KARACHI: Aamina Sheikh and Sanam Saeed-starrer Cake, releasing on March 30, may not have created as much buzz yet, but it should definitely be on the list of must-watch upcoming Pakistani films in 2018. Other than an interesting title which surely piques our interests, the film boasts of a fresh and realistic portrayal of family dynamics and relationships.
Speaking with The Express Tribune, the film’s director Asim Abbasi said the dominant theme in the film is time. “Time is the connecting thread... Absolutely. It’s time in terms of how people grow old, in terms of how we deal with the past and the regrets people have,” he shared. “We are exploring parent-child relationship, how children grow up but remain children for their parents. We are approaching the relationship between siblings and different dynamics within a family and between lovers, but all in a realistic way. We have tried to stay away from melodrama and keep it natural. It’s very emotionally-charged but not melodramatic.”
Abbasi has previously spoken about the meaning behind the film’s title. Reiterating the idea, he said, “Cake is like a silent observer at every big moment of our lives. It will be interesting to see how many times the audience will see a cake popping up in the frame.”
But as to why he went with a name that doesn’t answer questions (about the film’s nature, story or genre) as much as it raises them, he said, “Everyone approaches material differently. For me, having a clear-cut film name was never a thing. I don’t like being direct and giving answers. A film has to have a life beyond two hours in the cinema. I want viewers to carry Cake with them after the film is over.”
Abbasi also sang praises for his actors Sheikh and Saeed, as well as Adnan Malik. He admitted that he has always adored Saeed. “Adnan was a strange one because he was always in my head, when I was writing. It’s strange because I had not seen Sadqay Tumhare then. But his look stayed with me for the character,” he revealed, without sharing Malik’s role in Cake. “And when I met him, I realised he was a director’s actor, who would be open to exploring new territories. Aamina, in hindsight, was the perfect Zareen so I have been lucky.”
With majority of local films being either romantic-comedies or comedies, Cake looks surprisingly unique. “As a director, along the way, we are forced to lose our honesty at some point. We try and make a film, and you have everyone else telling you to do things differently to make it more sellable. Luckily, I had people who had no such requests. I don’t think most people get that opportunity and I don’t think I’ll get that opportunity again,” said the film-maker.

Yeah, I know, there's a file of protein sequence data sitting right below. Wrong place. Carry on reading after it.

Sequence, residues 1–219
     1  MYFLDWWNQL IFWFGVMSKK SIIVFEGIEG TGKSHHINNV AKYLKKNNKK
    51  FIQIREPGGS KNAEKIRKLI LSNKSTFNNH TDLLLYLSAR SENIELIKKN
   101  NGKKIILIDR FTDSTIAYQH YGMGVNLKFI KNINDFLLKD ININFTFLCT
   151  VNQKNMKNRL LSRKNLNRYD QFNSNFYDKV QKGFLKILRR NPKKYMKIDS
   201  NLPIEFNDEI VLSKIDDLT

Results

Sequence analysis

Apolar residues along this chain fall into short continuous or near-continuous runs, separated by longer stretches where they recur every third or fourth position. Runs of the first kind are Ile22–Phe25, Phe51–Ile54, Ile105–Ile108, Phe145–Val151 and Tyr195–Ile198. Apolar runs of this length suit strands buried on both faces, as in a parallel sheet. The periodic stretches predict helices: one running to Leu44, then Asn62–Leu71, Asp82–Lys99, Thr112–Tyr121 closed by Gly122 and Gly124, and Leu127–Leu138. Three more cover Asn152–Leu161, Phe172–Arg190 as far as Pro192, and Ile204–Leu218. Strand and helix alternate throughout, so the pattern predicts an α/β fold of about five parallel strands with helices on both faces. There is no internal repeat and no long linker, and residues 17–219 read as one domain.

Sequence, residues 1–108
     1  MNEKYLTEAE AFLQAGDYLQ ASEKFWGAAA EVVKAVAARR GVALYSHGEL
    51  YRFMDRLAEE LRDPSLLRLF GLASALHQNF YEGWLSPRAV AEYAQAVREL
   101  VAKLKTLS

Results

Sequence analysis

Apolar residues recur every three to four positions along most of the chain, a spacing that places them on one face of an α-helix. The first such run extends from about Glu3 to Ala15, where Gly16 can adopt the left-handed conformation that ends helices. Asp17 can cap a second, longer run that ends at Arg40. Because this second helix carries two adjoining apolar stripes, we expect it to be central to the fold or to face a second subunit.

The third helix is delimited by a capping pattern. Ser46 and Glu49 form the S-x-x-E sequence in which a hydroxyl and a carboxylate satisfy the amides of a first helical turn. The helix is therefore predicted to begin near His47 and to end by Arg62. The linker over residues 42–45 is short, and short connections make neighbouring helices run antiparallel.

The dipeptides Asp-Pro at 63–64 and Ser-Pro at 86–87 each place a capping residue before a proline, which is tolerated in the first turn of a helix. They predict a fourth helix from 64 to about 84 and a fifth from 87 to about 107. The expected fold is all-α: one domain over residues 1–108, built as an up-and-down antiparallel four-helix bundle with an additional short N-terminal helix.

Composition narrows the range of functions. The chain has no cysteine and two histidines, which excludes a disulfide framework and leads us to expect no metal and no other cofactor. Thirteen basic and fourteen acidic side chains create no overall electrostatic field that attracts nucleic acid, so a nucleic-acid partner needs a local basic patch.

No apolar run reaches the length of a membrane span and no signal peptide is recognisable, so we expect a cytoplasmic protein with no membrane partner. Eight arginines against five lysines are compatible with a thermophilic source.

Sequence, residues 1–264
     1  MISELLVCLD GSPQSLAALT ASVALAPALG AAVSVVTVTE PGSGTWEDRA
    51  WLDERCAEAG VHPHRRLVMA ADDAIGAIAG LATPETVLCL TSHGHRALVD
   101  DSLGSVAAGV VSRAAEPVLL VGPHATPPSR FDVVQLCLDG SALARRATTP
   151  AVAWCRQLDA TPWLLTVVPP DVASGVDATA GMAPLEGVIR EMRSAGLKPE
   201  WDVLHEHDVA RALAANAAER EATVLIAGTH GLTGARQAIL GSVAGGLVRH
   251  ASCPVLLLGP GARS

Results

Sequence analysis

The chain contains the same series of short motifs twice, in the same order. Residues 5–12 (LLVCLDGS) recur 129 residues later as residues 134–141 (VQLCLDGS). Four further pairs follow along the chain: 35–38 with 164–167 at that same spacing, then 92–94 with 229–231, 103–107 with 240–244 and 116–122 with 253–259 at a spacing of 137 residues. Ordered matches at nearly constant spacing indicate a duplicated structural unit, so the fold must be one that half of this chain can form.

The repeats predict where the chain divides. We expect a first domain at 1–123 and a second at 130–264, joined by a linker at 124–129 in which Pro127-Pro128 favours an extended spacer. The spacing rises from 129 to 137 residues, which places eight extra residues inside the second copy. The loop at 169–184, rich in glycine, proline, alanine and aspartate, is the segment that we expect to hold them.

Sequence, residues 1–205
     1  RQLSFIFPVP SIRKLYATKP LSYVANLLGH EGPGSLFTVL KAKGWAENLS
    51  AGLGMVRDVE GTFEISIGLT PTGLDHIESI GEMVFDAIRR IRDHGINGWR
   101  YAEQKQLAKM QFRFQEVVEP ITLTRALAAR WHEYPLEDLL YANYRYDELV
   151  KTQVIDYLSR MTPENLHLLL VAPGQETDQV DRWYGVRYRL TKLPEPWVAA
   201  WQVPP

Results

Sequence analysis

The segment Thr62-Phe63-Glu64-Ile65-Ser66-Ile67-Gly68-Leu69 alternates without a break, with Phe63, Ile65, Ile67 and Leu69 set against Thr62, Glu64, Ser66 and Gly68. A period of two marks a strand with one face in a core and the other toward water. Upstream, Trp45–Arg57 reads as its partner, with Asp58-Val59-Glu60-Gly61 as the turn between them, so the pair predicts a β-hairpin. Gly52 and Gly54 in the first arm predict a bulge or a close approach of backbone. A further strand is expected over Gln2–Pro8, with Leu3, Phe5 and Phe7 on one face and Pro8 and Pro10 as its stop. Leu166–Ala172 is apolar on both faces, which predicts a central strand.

On whether Cake will resonate with the larger audience, Abbasi said that he feels most film-makers shoot in the dark. “I think a writer or director can only do honest work and pray that it resonates with the audience. We are doing a family film, and everyone has families. They know love and loss and grief. Is it a different film from the rest? Yes. But we are too young to say what works and what doesn’t.”
He continued, “I hope that it works at the box office so that more people have the confidence to make different kinds of films. Because I feel that for every different film that doesn’t do well, we will see more of the same. And I don’t think in the long-term, the industry can’t survive with that.”
Abbasi clarified that he is not dissing commercial cinema but merely pointing out an issue plaguing Pakistani cinema these days. “Right now, you have businessmen making films. Cinema is called a creative business but in Pakistan, the focus is only on business. It can work for short-term gains, but over time, we won’t build a legacy,” he said. ‘Hardcore commercial cinema should definitely be made, as long as people are trying something new and interesting. Every kind of film should be made but with the idea of wanting to be creative.”
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